Japan Tourism / Travelling Northbound Through Sarobetsu Plain, Northern Hokkaido: A View that Changed My Life

Photo by Koji Yoneya / Special to Ryoko Yomiuri Publication
A majestic view of Mt. Rishiri is seen through the train window at dusk. I was overcome by a sense of solemnity on the trip.

It was 39 years ago in the summer of 1985 when I traveled across northern Hokkaido with a Hokkaido-wide excursion ticket, valid for 20 days. Four days after I left home, I arrived at Asahikawa by the Okhotsk limited express that I took from Abashiri. I then switched to a local train bound for Wakkanai on the Soya Line.

The train departed Asahikawa at 11:28 a.m. and arrived at Wakkanai at 7:07 p.m. — a 7.5-hour ride. Although express trains were available on the Soya Line back then, I wanted to ride the local train bound for the northernmost end of Japan.

While making long stops at key stations — Nayoro, Bifuka, Otoineppu — the train moved slowly, steadily heading north. As it departed Horonobe at 5:42 p.m., I was on the last leg of my long-distance journey.

As the sun began to set, with the evening gradually darkening, a vast plain came into view from the train window through gaps in the dense snowbreak forest.

As I wondered whether it was the Sarobetsu Plain, a panoramic view expanded moments after the forest broke off.

The endless plains stretched out in the orange light with a depth beyond the reach of my vision. When I strained my eyes, I saw the silhouette of Mt. Rishiri on Rishiri Island, better known as Mt. Rishiri-Fuji.

Photo by Koji Yoneya / Special to Ryoko Yomiuri Publication
JR Pippu Station, which was featured in a TV commercial
Photo by Koji Yoneya / Special to Ryoko Yomiuri Publication
At Bifuka Station, I saw off departing trains on the Biko Line, which was to be taken out of service in September 1985.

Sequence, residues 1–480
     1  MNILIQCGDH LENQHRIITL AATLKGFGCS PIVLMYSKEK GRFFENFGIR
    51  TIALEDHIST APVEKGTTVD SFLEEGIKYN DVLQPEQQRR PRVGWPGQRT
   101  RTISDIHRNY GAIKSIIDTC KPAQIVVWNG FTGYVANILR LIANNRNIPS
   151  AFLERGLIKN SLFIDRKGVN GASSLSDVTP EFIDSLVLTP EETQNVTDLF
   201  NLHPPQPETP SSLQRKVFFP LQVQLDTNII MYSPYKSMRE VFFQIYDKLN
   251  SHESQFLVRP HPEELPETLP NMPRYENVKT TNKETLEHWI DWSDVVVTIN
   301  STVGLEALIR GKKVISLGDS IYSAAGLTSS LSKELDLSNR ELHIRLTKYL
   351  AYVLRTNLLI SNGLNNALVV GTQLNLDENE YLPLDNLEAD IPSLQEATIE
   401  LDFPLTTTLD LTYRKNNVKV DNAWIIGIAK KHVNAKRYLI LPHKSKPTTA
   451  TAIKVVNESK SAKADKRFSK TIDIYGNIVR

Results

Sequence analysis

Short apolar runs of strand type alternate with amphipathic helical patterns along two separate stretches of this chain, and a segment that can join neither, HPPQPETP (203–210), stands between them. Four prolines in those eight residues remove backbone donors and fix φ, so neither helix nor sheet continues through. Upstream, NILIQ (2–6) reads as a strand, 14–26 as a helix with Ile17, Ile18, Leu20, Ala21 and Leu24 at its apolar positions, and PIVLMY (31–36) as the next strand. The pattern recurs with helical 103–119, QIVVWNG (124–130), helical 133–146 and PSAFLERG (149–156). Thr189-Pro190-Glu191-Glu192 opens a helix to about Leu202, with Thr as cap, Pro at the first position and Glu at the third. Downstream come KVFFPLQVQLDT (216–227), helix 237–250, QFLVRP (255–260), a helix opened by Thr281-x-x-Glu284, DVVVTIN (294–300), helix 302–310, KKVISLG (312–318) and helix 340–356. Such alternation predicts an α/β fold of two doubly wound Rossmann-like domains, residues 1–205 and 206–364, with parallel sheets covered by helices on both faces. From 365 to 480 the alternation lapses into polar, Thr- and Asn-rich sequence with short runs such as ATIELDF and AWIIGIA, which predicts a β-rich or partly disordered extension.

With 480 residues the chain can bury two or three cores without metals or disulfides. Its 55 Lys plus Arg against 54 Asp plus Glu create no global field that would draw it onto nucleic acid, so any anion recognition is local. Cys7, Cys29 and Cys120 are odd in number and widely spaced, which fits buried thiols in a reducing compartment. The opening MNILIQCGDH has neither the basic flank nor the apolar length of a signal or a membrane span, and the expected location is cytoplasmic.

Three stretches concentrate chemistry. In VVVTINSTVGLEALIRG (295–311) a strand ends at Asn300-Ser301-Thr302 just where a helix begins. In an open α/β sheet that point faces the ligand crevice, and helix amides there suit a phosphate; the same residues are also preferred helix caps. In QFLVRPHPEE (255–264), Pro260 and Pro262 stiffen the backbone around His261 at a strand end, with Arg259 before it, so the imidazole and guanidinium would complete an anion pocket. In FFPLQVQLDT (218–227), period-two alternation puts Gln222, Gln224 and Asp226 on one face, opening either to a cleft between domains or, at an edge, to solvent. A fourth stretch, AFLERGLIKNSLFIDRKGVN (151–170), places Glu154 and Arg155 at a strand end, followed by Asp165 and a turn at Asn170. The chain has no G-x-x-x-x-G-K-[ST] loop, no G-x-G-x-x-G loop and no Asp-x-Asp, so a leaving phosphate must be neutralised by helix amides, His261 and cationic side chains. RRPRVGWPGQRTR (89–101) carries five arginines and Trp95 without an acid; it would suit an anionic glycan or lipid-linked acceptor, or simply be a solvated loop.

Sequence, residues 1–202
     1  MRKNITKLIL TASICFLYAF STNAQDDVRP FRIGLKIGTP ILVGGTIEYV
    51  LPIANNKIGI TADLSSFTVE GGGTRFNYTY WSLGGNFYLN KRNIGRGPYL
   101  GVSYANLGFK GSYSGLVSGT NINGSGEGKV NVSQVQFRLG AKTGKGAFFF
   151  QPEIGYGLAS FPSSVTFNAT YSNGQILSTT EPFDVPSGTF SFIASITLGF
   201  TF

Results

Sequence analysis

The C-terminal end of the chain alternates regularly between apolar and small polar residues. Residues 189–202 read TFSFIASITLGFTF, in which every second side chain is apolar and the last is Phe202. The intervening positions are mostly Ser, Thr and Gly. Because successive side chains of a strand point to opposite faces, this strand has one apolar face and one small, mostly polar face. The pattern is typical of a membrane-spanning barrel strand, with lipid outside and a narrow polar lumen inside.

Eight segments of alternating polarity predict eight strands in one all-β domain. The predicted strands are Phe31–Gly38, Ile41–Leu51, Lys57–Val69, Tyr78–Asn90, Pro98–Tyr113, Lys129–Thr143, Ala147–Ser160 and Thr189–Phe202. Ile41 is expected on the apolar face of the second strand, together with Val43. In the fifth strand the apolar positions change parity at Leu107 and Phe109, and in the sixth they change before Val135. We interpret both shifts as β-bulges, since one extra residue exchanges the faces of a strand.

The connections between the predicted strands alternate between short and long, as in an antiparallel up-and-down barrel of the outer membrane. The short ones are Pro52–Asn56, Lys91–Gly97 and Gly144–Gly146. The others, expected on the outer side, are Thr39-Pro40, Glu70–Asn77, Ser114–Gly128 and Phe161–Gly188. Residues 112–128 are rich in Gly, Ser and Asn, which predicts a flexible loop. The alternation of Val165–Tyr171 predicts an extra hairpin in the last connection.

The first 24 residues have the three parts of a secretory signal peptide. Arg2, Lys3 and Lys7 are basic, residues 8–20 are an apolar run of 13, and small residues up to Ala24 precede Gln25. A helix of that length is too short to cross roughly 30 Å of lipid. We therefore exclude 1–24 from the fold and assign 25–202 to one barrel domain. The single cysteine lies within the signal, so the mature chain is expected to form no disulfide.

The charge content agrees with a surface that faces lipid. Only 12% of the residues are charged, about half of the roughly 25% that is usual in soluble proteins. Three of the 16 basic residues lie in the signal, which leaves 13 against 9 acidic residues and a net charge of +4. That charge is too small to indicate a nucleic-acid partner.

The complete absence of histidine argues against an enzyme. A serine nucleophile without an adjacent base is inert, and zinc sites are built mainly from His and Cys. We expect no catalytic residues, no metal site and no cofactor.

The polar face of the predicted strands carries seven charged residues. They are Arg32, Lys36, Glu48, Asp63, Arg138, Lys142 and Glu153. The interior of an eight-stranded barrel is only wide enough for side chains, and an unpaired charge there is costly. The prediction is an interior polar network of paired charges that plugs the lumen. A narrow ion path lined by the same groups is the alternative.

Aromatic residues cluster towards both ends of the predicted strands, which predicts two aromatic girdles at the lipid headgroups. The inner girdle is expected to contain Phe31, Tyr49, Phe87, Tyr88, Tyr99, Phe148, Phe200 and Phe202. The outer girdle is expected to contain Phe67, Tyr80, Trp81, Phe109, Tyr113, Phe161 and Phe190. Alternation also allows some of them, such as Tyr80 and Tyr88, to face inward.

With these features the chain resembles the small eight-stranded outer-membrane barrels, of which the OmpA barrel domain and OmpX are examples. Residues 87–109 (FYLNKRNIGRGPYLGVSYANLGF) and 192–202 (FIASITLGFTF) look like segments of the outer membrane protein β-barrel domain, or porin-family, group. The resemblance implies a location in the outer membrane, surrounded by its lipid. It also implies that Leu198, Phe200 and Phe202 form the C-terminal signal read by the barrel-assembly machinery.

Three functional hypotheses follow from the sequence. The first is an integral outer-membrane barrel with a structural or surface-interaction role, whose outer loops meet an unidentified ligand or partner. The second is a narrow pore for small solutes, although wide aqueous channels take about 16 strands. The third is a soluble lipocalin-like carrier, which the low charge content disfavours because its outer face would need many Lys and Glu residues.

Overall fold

Photo by Koji Yoneya / Special to Ryoko Yomiuri Publication
Local trains running between Asahikawa and Wakkanai, both inbound and outbound, exchange carriages at Bifuka Station.

Flowing just then through the headphones of my cassette player was the song “Forgotten Saga” by The Square. With the scenery and music in perfect sync, I was moved again and again. When the song reached its piano solo, which was one of my favorite parts, i couldn’t stop crying.

Soon after, the sun went down, and the wind blowing in through the open window turned cold. Then, in the darkness, the lonely whistle of the diesel locomotive reached my ears.

It may seem an exaggeration to say that the scenery changed my life. But the emotion I felt at that time was unlike anything I had experienced before. Being able to encounter such scenery at the age of 17, a sight that touched me with a sense of solemnity, was something that will last a lifetime.

Photo by Koji Yoneya / Special to Ryoko Yomiuri Publication
After passing Nayoro, the Teshio River comes into view.


Japan Tourism is presented in collaboration with Ryoko Yomiuri Publication, which publishes Ryoko Yomiuri, a monthly travel magazine. click here.